- Associated Press - Thursday, March 26, 2015

ALBUQUERQUE, N.M. (AP) - Partisan wrangling in the New Mexico Legislature ended a number of bills sought by the state’s police agencies, including a measure requiring sheriffs to actually be law enforcement officers.

State lawmakers failed to get the sheriff requirement bill out of committee while they debate such measures as daylight savings time and allowing wine and beer home delivery. They also failed to pass a bill setting limits on the use of drones by police without a warrant.

In addition, a measure that would have banned the use of solitary confinement on juveniles languished without passing. Partisan fighting also killed funding for equipment for small law enforcement agencies.

The backlog came as the Republican-controlled House and the Democratic-led Senate failed to come up with a compromise of public works spending. Republicans said Gov. Susana Martinez wanted a proposal that funded new highway projects through bonds, but Democrats called that plan irresponsible.

Talks broke down last week as the session wrapped up, languishing many bills in committee and on both floors of the chambers.

“The inability to come up with a compromise spelled doom for a lot of good legislation,” said Sen. Gerald Ortiz y Pino, D-Albuquerque. “The governor was playing chicken with the Legislature, and we decided not to put up with it.’”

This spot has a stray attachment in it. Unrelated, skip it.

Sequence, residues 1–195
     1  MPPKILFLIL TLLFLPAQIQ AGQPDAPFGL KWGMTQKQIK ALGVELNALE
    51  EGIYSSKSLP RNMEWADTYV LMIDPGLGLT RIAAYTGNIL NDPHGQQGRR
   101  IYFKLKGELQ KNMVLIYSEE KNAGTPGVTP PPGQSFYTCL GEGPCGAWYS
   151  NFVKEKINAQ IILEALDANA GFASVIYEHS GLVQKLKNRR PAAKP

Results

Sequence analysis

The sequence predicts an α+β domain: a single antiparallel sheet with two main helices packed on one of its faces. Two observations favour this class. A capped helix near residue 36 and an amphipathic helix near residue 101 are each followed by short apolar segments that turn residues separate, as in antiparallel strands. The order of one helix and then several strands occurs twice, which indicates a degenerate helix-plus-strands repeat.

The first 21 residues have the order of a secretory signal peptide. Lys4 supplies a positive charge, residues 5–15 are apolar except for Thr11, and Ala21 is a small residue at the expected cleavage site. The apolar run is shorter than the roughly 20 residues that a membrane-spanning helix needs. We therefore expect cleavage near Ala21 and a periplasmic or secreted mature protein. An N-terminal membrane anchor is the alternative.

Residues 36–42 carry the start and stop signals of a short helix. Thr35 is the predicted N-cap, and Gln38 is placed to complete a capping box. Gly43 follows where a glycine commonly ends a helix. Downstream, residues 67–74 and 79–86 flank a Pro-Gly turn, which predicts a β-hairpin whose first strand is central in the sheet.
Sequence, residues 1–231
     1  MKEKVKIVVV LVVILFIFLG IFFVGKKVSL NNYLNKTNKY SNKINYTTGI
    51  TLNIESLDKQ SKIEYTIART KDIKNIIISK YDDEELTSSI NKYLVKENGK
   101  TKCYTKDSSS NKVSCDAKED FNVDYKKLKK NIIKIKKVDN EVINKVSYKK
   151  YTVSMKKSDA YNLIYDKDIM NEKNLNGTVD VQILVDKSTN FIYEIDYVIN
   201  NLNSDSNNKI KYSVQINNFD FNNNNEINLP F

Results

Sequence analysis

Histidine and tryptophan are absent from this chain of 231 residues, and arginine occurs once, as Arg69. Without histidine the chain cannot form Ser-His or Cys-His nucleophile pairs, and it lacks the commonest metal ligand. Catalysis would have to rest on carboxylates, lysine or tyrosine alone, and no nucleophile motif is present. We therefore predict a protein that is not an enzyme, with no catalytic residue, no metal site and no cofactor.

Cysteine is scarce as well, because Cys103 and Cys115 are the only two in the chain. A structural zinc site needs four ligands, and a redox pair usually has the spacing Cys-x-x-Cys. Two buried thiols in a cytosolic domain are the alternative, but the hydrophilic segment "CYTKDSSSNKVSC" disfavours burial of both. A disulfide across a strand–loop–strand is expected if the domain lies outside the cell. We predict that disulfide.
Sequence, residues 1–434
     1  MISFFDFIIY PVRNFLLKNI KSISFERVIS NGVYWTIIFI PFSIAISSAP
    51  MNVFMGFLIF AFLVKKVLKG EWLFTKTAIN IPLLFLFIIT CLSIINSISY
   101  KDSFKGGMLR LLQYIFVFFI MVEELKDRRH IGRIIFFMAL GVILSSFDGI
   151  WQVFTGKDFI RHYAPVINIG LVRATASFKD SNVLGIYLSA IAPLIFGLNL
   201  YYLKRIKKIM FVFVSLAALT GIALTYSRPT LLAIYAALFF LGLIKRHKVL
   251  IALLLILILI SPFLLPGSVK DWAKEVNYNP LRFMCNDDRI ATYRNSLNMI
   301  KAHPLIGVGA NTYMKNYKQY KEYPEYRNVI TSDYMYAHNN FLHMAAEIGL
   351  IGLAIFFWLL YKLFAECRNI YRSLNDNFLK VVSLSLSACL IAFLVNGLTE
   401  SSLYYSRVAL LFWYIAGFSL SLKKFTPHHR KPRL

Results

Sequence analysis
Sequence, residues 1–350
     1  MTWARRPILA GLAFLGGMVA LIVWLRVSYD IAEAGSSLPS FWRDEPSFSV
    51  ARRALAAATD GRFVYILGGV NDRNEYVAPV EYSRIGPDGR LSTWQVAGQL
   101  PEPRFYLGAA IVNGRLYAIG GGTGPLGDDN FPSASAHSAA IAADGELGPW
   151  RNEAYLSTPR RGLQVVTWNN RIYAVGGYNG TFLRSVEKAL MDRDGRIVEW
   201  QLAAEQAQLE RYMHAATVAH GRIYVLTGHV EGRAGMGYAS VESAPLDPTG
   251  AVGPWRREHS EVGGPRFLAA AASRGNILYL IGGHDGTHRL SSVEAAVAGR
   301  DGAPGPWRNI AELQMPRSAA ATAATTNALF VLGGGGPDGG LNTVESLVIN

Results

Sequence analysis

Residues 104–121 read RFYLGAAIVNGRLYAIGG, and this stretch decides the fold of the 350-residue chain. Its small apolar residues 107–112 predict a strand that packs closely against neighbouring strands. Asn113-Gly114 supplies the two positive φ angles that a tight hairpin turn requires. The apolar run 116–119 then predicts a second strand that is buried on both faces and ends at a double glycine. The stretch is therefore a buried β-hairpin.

House Republicans and Martinez, however, put the blame solely on Senate Democrats for slowing down debate on bills.

“Both Democrats in the House and Senate promised to hold up the legislative process at all costs. Not only did they succeed in doing so, they are just as likely to stonewall the process again,” said Pat Garrett, Republican Party of New Mexico spokesman said in a statement.

Jack LeVick, executive director of the New Mexico Sheriffs’ Association, gave state lawmakers a “D-” on the session that ended Saturday and said the lack of action will hurt agencies in the long run.

“We got no capital funding, and we didn’t get the needed help,” LeVick said. “Our requests went nowhere and that’s unfortunate.”


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